Last year, I had a great time at the Penn State MacAdmins conference. There were tons of smart people to mingle with and everyone had plenty to discuss when it came to managing the Mac. There were a lot of people from education but also plenty from companies. The talks were well run and the conference location, the Penn Stater, was awesome. I love how it’s like a big winding maze. Having gone to school in a town like State College (Athens, GA), I’ve always had a warm spot for cute college towns. And State College is clearly a special place. I’d recommend a trip there to anyone that loves places like Ann Arbor, Norman, Stillwater, Opelika, Corvallis, Blacksburg, Madison, Manhattan (Kansas), Ithaca, Iowa City, Ames, Morgantown, Lafayette (Indiana), Lawrence, Champaign, Logan, College Station and of course, Oxford Mississippi (Ole Miss is a truly special place). So you’re lucky then, ’cause the Penn State MacAdmins Conference is back for 2013, being held in beautiful State College, PA at Penn State University. The Conference is May 22nd through 24th with a new introductory Boot Camp being held the day before (May 21st) to prep admins for the rest of the conference. And May is one of the best times to visit a place like this. Spring is in the air, kids are getting ready to graduate, the flowers are in bloom and of course, there’s no more snow to be shoveled. A month later and the school would practically be shut down, the town a ghost town. But in late May, college towns are electric. So don’t just stay at the Penn Stater the whole time, go explore downtown and that Nittany Lion thing – and the spot where Joe Pa’s statue used to be. Take a carriage ride, swing by the Governor’s Pub, have some red meat at Otto’s and of course, perform the underclassmen ritual of throwing up on College Ave! And yes, there’s a College Ave, as there should be. Anyway, the social element of a conference like this is great. Meet those people you tell to RTFM on the ‘ole Enterprise List, the people whose feeds you read and the people whose feeds you deleted ’cause they talk about college football too much… The Call for Proposals is now open, so to submit a talk, use http://macadmins.psu.edu/conference/submit-proposals. This year, there will also be sponsors. To sponsor, see http://macadmins.psu.edu/conference/sponsorships. Or to attend, see http://macadmins.psu.edu/conference/registration. To sign up for the conference newsletter, see http://psu.us4.list-manage.com/subscribe?u=acd8b6acc541596a7bdf8e517&id=d37a7e26fd. And for an example of what you are in store for:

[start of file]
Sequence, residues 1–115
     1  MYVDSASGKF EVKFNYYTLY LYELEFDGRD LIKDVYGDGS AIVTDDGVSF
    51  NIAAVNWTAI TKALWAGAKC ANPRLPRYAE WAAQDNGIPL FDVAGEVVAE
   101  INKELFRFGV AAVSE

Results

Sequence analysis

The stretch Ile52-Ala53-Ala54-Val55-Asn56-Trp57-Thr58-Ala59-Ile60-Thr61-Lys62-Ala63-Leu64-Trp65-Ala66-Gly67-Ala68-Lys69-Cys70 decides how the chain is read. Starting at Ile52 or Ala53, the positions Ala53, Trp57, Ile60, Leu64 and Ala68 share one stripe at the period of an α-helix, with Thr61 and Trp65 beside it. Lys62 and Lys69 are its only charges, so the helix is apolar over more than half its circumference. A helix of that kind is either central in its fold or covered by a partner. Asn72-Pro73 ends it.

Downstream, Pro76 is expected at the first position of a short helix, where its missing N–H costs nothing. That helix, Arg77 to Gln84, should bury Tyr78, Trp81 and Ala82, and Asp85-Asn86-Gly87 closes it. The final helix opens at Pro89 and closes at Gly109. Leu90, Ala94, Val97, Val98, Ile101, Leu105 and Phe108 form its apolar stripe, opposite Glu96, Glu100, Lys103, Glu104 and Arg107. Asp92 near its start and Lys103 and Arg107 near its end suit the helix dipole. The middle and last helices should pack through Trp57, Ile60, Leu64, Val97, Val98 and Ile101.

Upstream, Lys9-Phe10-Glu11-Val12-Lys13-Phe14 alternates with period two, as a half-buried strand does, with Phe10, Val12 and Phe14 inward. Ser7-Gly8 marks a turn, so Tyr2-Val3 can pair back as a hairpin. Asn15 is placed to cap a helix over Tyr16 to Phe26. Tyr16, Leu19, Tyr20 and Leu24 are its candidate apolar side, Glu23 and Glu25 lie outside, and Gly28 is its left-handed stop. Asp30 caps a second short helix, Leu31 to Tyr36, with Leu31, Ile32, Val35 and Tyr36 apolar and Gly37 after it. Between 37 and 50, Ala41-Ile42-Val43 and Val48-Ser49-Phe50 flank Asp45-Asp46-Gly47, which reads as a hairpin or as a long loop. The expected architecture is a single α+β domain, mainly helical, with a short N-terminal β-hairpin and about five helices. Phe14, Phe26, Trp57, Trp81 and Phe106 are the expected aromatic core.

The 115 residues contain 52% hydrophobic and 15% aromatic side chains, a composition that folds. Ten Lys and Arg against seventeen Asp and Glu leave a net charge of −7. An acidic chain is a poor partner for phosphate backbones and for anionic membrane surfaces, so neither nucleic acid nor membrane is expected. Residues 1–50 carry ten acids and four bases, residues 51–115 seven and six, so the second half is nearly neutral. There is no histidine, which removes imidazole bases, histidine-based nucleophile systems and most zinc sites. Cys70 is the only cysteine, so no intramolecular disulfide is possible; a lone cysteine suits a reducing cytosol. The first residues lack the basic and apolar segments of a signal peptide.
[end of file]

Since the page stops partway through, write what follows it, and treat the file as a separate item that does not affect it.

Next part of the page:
PS – There are 12 teams in the Big 10. While at State College, make sure to remind everyone wearing blue of this fact.
Apple has posted the first of the Mountain Lion certifications. Information about the Apple Certified Associate – Mac Integration 10.8 is available at http://training.apple.com/certification/macosx. This certification requires only one exam, 9L0-408, which can be taken online. There’s no word yet on the ACSP or ACTC for 10.8, although I am certain work on them is in progress. The current table of certifications is as follows: The test is relatively simple. I took it this morning and it focused completely on the client in a heterogenous environment. There were questions about AD binding, sharing files between Windows and OS X Mountain Lion clients, securing the OS (Gatekeeper, FileVault 2), Time Machine, Messages and Boot Camp. Overall, a quick one. I think it took me 35 minutes, including paying for the thing, fishing around for my credit card, etc. Good luck!
I’ve been involved with Brainbench for some time. There is now a new iOS development test available at http://www.brainbench.com/xml/bb/common/testcenter/taketest.xml?testId=2973. Also, we’re currently working on a Mountain Lion test and could use some reviewers if anyone is interested. Let me know if you’d like to be involved with that.